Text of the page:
“Road cycling has stagnated and has been stable for the last 4-5 years, mostly because of dangerous roads,” says Shamus Kreuger from the Bicicletta distributorship.

Many new participants are attracted to mountain biking by the number of mountain biking events that have been held across the country. These events attract riders from all age groups and fitness levels.

“Mountain biking has grown exponentially because the races cater for the whole family,” says Kreuger. Most weekend races have a choice of long, short and kiddies races. Some of the big series races even have a kiddies area where the children are looked after while the parents ride the race. After the race people stay for prize giving and a braai — the feel is just lekker. Families even plan weekends away that include a race.

“Road cycling, however, mostly has no vibe — it’s far too serious.”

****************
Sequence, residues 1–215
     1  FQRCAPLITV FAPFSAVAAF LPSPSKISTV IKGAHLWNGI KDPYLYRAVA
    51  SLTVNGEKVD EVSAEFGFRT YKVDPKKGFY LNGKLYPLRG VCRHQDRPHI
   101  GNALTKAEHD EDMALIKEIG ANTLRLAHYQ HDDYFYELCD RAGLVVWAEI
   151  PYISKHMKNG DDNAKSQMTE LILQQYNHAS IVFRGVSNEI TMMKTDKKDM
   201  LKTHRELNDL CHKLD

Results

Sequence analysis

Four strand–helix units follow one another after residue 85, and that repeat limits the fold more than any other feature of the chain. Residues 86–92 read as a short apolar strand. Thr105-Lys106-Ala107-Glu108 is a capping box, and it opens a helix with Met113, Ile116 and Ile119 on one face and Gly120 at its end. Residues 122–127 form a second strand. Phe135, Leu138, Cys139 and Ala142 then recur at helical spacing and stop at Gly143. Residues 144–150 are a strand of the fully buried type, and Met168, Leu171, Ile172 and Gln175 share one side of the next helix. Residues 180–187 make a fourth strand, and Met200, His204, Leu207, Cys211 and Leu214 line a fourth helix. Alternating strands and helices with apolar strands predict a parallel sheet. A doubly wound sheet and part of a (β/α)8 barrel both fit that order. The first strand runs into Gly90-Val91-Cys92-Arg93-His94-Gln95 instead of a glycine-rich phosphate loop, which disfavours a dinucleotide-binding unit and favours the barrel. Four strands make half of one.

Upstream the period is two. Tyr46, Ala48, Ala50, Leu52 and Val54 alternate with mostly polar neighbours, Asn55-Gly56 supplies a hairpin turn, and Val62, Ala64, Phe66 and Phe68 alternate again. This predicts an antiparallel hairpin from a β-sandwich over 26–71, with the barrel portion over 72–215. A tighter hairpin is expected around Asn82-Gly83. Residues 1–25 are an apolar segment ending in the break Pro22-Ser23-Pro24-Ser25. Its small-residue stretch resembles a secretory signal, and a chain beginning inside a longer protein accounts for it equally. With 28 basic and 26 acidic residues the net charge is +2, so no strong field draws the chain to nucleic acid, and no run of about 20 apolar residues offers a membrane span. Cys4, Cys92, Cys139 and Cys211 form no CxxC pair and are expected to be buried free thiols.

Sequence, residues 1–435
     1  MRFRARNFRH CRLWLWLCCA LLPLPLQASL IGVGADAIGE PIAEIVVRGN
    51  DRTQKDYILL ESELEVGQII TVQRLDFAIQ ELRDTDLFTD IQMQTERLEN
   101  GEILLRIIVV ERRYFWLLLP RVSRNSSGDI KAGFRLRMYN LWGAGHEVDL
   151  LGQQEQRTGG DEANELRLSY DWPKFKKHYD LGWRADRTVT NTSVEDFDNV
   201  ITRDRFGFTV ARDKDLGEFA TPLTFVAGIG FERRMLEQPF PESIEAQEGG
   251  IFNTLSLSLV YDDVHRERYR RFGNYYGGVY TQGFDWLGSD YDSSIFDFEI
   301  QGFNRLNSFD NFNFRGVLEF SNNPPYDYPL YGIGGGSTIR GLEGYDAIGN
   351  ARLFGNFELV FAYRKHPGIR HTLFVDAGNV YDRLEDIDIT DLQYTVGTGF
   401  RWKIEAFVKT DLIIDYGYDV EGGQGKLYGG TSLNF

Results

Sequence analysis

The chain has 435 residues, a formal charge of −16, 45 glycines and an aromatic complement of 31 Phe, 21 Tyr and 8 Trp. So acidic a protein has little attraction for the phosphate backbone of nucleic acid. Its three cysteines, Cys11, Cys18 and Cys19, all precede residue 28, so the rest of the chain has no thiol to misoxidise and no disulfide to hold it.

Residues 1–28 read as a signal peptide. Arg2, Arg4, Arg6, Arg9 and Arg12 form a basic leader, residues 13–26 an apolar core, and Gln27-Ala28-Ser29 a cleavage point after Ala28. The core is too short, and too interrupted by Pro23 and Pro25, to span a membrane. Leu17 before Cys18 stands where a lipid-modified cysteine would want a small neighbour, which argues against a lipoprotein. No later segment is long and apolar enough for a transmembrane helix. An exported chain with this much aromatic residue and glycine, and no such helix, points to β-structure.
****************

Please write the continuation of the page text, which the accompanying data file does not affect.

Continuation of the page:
About 60% of their sales in Olympic cycling shoes are from mountain bike specific shoes and 40% are from road cycling shoes, says Gordon Stokes of Jordan & Co. He also notes that whilst a cyclist can use mountain biking shoes (which have more protection around the toes and are generally more robust) for road cycling, road cycling shoes cannot be used for mountain biking.

Cycle Tour interest

Road cycle sales are strongly linked with the Cape Argus Pick n Pay Cycle Tour. “Mountain bikes are sold year round, but the road bikes are limited to pre-Argus sales,” says Phillip Thord-Gray of Rapid Sport. “The Cycle Tour has kept road cycling alive.”

The event not only promotes a strong interest in cycling across SA, it also attracts many international cyclists to the country.

The demand for a spot in one of the world’s largest timed cycling events far outreaches the supply. “This year — 2013 — entries closed in 5.5 days,” says David Bellairs, director of the organisers, Cape Town Cycle Tour Trust.

Traditionally (2005-2012), it took between 2-4 weeks to reach the 35 000 participation limit — this year one could only enter online and the numbers were filled in record time.

The Cycle Tour is internationally regarded as one of the top road cycling events.